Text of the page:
on May 10, 2016 at 10:20 AM
Peter Milojevic is president and CEO of Midland Cogeneration Venture, the largest natural gas fired electricity producer in North America. Richard Wells is vice president of operations, Canada & USA North, and site director of Michigan Operation for The Dow Chemical Company. MCV provides 100 percent of the energy for Dow's manufacturing operations in Midland.
By Peter Milojevic and Richard Wells
Every month, when Michiganders pay their energy bills, we are reminded again that our state has among the highest energy prices in the Midwest. A key driver of these high prices is the utilities' virtual monopoly over power generation.
For over two years, the state Legislature has debated whether the key to lowering rates lies in continuing the regulated-monopoly system or moving toward competitive energy markets. Two pieces of legislation before the Senate move in the wrong direction. In their present form, Bills 437 and 438 seek to create a complicated energy plan that will prevent potential competitors to the monopoly utilities from vying to build new generation capacity in Michigan. The bills create a bidding system for new generation that will be entirely controlled by the utilities — furthering their grip on Michigan ratepayers.
This is the wrong way to go. Only a fair and open competitive process will ensure families and businesses realize the lowest possible cost for new energy construction. This is a common-sense, market-based reform benefiting all Michigan ratepayers.
Competition drives innovation and helps ensure consumers receive the best value. This approach should be applied to the energy market. When new power plants are needed in Michigan, it's critical that all reliable and cost-effective options are seriously considered, with the best interests of the ratepayers placed first.
The current Certificate of Necessity process, managed by the Michigan Public Service Commission, allows the utilities to request approval for building new power plants, but without a robust analysis of alternative options. A fair and transparent competitive bidding process would put all options on the table for consideration before the commission approves the utilities' proposals.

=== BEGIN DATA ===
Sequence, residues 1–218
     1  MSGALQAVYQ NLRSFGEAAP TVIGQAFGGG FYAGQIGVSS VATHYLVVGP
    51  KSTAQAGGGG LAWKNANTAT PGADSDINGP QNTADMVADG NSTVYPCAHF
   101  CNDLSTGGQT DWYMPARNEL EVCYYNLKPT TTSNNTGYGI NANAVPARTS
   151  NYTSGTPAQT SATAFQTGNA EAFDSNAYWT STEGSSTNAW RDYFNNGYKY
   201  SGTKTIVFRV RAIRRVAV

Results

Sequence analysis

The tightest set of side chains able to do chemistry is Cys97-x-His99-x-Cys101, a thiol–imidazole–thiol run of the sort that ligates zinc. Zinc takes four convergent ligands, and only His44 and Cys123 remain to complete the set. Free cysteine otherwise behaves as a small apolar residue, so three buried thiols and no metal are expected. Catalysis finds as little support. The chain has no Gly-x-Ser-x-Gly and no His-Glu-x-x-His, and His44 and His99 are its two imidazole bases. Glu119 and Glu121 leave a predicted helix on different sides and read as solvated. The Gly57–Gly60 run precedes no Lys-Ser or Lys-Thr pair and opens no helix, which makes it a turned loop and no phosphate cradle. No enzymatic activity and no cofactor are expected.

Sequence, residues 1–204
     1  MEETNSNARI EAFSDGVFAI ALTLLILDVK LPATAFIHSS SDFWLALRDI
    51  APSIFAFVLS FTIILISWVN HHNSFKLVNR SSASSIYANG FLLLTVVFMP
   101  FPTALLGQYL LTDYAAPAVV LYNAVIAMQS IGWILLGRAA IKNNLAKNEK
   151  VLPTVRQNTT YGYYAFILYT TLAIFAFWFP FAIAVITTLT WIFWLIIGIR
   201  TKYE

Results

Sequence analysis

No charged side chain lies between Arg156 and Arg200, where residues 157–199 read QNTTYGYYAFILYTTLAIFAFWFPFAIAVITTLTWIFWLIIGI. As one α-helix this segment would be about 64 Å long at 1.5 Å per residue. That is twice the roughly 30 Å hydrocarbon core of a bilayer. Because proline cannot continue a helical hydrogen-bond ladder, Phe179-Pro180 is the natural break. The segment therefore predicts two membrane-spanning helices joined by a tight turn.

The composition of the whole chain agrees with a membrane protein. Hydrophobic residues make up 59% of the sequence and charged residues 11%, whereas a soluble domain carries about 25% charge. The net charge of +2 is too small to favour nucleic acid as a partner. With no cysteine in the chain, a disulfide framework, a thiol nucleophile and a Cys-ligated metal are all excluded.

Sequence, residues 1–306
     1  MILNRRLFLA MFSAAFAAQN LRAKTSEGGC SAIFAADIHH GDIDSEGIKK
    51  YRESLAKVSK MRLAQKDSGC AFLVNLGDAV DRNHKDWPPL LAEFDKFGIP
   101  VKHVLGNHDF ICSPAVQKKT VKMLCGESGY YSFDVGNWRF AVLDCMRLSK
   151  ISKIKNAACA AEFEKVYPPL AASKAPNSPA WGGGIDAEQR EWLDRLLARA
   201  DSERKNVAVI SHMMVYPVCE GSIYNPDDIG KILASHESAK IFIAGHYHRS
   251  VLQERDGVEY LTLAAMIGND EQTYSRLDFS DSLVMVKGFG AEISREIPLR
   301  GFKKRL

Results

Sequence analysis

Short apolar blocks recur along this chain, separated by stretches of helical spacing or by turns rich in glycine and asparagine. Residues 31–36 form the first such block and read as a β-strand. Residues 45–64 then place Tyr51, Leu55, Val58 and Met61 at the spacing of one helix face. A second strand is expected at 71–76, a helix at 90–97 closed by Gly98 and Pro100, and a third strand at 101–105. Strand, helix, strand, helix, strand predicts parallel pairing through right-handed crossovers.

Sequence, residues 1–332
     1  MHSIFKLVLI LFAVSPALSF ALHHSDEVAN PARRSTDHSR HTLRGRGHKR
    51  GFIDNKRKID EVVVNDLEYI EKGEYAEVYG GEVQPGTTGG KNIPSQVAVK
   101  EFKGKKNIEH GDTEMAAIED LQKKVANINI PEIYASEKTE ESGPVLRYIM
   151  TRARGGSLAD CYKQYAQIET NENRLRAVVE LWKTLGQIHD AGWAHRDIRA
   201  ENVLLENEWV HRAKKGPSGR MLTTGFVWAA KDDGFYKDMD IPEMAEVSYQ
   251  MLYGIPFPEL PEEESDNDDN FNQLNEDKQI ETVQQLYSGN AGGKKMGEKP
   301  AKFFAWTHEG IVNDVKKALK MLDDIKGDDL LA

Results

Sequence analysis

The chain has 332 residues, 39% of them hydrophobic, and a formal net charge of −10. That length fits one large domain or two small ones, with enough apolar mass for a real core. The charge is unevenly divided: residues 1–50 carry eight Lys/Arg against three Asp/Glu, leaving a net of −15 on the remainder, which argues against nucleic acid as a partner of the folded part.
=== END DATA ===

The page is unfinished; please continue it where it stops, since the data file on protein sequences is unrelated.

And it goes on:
Thankfully, a better option exists. Senate Bill 919, recently introduced by Sens. Mike Shirkey, R-Jackson, and Jim Stamas, R-Midland, ensures true competition in our energy generation market and stands to lower the cost for Michigan families and businesses.
Senate Bill 919 creates a fair and unbiased bidding process that is pro-ratepayer. It allows reliable energy producers to compete against the state-regulated utilities to build new power plants.
Senate Bill 919 requires the Public Service Commission — whose job it is to protect Michigan families in utility matters — to solicit and consider bids for new electricity capacity once it's determined new generation is required. This common-sense approach is used by everyone — families, businesses and state government — to ensure cost effectiveness while maintaining quality and reliability.
Perhaps this is why true competitive bidding for energy generation is supported so widely by Michigan businesses, chambers of commerce and schools, as demonstrated by their testimony in legislative hearings over the past two weeks. This stands in stark contrast to the proposal contained in Senate Bills 437 and 438, which is primarily supported by the regulated utilities and those with direct financial interests in them.
The Legislature has a choice to make between two distinctly different futures. We must insist the Legislature create a 21st century energy policy that balances the interests of Michigan families and businesses with the growth of utility profits by injecting common sense when it comes to new energy generation.